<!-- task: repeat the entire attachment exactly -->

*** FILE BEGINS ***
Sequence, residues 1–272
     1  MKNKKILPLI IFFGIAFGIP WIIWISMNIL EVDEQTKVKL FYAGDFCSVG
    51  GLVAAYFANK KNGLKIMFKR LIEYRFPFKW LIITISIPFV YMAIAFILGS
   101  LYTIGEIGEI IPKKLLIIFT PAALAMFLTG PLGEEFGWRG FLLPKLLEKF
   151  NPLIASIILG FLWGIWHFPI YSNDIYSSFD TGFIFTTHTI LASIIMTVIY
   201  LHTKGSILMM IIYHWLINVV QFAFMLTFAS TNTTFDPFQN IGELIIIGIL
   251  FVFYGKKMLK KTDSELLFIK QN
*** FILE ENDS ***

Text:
Sequence, residues 1–272
     1  MKNKKILPLI IFFGIAFGIP WIIWISMNIL EVDEQTKVKL FYAGDFCSVG
    51  GLVAAYFANK KNGLKIMFKR LIEYRFPFKW LIITISIPFV YMAIAFILGS
   101  LYTIGEIGEI IPKKLLIIFT PAALAMFLTG PLGEEFGWRG FLLPKLLEKF
   151  NPLIASIILG FLWGIWHFPI YSNDIYSSFD TGFIFTTHTI LASIIMTVIY
   201  LHTKGSILMM IIYHWLINVV QFAFMLTFAS TNTTFDPFQN IGELIIIGIL
   251  FVFYGKKMLK KTDSELLFIK QN